What is courage?
If a group of people are driven by a great panic to face a small fear, that may just be desperation, not really courage. Consider a group of naive soldiers who, before a battle, are told that they are invisible or immune to injury. They are not precisely assessing risk and then taking action.
Instead, they are concerned about social perceptions of them as a good soldier. Their social insecurity is exploited and they are naively sent in to immense danger.
What if they are also told that if they are loyal soldiers then they will be rewarded after they die with great benefits from Santa Claus? Again, if they act in anticipation of unproven rewards, that is greedy (and naive), not truly courageous.
Seeking glory (social fame) can certainly be attractive, but how realistic is it? Are people so ashamed that they seek a moment of relief before they die… for knowing that they have done something that others will celebrate as heroic (to compensate for their past which they still reject as horrible and shameful)?
To review, they have a foundation of shame about their past, then they imagine that some action is so heroic that it will completely compensate for their own rejection of their life, so then they take that action. As they go, they are in agony, but with a desperate hope. If they fail, they are still in the same agony, but with no hope to distract themselves from the underlying agony. If they succeed, there is a moment of expectation that the agony will disappear (if only for an instant) because even though they still reject their past as shameful, they “finally” did something “good.” They still reject their life as worthless, but with a desperate hope that “this sacred action will make it from what it is fundamentally- worthless- in to a new thing.. a life worth living.”
Why not slow down now and experience some self-respect rather than chasing vanity in a hysteria of desperation and shame? “I need to do this so that I will earn the love that I so desperately want, but do not deserve yet!”
Of all, the poorly-armed soldiers who naively charge in to battle believing that they are invisible and on their way to heaven, how many will survive? Any? Of any who do survive, how many of the survivors will be paraded in front of their tribe to be awarded a medal of honor and of glory and of fame?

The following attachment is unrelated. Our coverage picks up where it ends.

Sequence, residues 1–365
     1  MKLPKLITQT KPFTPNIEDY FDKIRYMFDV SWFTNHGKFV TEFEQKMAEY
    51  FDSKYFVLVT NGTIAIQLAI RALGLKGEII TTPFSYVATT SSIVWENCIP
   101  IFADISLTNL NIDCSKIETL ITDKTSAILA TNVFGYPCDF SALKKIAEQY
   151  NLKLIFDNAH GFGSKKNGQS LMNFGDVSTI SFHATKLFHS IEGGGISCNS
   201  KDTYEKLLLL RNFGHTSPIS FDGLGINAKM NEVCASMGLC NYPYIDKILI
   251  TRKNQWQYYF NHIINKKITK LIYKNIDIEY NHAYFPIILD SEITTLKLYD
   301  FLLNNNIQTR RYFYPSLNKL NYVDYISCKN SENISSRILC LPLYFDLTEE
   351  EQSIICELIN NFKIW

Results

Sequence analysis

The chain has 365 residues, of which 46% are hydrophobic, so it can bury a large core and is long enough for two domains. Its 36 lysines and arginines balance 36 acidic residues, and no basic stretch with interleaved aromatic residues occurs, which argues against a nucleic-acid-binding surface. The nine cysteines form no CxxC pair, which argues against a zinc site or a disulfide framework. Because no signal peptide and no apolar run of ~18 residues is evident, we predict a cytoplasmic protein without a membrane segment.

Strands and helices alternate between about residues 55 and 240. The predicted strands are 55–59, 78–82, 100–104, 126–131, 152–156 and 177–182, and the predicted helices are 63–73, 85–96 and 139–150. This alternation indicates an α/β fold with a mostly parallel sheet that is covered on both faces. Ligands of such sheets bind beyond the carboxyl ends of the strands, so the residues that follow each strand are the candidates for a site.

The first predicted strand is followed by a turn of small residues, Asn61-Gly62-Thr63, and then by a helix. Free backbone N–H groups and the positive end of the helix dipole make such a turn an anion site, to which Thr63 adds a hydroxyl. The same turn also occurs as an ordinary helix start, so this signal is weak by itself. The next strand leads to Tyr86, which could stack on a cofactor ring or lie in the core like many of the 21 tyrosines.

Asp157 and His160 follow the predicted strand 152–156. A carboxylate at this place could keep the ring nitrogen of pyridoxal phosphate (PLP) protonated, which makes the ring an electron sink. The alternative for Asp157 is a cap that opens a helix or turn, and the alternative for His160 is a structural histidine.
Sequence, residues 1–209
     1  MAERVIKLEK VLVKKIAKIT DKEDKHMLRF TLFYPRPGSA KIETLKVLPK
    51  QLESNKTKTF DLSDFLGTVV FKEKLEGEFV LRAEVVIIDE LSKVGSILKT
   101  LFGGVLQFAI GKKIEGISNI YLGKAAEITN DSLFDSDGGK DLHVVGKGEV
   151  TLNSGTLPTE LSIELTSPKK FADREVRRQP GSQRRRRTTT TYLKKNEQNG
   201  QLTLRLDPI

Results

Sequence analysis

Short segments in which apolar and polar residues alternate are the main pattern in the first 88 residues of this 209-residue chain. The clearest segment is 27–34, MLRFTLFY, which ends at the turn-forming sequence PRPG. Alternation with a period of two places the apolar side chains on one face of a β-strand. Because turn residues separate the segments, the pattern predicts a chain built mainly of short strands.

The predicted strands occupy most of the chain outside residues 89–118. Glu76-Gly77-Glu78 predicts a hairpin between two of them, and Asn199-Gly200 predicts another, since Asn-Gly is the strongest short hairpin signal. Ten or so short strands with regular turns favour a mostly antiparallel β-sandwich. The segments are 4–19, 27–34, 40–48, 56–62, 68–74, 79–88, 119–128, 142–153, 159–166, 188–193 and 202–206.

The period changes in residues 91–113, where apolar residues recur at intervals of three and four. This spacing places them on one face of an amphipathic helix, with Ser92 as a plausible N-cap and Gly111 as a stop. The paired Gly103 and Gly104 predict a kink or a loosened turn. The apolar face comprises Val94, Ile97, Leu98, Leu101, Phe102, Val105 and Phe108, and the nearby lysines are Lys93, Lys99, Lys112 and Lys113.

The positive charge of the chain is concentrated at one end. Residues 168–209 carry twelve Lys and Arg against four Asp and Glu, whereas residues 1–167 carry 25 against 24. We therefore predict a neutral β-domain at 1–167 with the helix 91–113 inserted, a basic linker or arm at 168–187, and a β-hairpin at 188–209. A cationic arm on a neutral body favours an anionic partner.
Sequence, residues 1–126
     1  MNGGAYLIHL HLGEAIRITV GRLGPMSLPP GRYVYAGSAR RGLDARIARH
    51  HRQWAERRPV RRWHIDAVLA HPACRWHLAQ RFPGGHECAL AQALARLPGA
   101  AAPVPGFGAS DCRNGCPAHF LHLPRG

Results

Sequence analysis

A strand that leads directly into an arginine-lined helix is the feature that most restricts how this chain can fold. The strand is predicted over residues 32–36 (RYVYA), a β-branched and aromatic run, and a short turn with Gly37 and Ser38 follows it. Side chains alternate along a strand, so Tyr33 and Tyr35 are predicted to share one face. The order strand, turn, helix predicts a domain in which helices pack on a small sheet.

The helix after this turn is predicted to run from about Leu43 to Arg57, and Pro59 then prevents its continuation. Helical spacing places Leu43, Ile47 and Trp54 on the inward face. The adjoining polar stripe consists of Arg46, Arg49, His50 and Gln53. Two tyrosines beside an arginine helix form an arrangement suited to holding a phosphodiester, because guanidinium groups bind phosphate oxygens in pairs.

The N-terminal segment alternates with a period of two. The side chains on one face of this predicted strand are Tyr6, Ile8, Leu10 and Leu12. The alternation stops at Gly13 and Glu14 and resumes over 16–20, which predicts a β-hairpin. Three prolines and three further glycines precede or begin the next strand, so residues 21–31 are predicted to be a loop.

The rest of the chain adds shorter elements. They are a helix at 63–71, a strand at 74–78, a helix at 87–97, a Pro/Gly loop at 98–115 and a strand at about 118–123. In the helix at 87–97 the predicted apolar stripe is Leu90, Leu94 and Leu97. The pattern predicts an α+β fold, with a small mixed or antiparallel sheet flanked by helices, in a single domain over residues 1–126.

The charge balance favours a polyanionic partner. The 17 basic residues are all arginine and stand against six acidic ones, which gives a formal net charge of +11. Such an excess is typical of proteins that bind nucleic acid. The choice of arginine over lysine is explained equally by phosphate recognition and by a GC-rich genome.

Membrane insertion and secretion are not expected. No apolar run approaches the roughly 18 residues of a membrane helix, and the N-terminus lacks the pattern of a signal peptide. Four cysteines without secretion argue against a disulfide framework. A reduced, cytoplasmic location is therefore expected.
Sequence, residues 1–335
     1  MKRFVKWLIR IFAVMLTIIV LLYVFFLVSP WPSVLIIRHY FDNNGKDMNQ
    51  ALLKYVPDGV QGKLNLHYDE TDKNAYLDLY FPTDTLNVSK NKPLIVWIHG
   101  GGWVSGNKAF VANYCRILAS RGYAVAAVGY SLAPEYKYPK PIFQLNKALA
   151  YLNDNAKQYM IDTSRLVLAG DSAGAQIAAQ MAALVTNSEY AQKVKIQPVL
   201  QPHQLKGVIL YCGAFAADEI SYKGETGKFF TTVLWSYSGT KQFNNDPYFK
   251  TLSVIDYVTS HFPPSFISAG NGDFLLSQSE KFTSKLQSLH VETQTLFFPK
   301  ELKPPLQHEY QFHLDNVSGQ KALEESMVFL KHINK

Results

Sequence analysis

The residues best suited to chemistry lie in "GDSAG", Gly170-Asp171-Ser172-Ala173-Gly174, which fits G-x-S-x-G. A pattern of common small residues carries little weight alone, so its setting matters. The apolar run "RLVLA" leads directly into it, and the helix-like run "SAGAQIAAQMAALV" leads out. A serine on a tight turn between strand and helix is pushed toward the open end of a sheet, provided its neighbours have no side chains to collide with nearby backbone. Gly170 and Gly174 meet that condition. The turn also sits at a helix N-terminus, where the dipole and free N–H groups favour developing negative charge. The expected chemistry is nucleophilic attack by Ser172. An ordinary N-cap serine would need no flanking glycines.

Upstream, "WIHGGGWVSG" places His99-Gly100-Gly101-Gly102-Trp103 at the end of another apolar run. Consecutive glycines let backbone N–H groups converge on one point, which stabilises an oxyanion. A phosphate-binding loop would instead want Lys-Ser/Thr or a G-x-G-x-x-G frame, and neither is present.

We can understand why military leaders might religiously tell young soldiers stories about Santa Claus and invisibility and heavenly glory. We can also understand why, during the recruiting process, the military leaders do not give the patriotic youth a tour of the disabled veterans home. Touring a cemetery would be much less disturbing than touring a paramedic station at the edge of a combat zone, right?
So courage can involve an awareness of risk plus an estimate of opportunity. The risk and opportunity could be something that someone else merely tells you about. Maybe they are sincere. Maybe they are not only sincere, but even somewhat accurate. However, what if instead of just telling you about their assessments (or repeating the statements scripted by some marketing specialists), they encouraged you to directly make some observations and assessments yourself?
Also, courage may involve taking a new action or even to discontinue an old pattern of behavior (or both). Generally speaking, if mass marketing from commercial interests were already encouraging you to do something, then it would not take any courage to do it. In fact, it takes courage to be skeptical about the unexamined presumptions of a herd mentality. It takes courage to question presumptions.
It takes courage to admit to a past driven by programmed presumptions and then take a position of extra skepticism toward any idea that has been mass publicized by special interest groups such as governments, churches, and school systems. It takes courage to admit to a past driven by fear and then relax. It takes courage to completely rebel- not just in the mass-programmed ways of a revolutionary- but even rebelling against the program of a patriotic revolutionary who saves the world in order to earn a ticket out of hell in to heaven.
There is no greater act of rebellion than a quiet, calm self-respect. Therefore, self-respect must be the ultimate enemy of any empire that depends on a foundation of naivete, fanatical hysterias, threats of personal shame, and intimidation. (By the way, all empires are empires of intimidation.)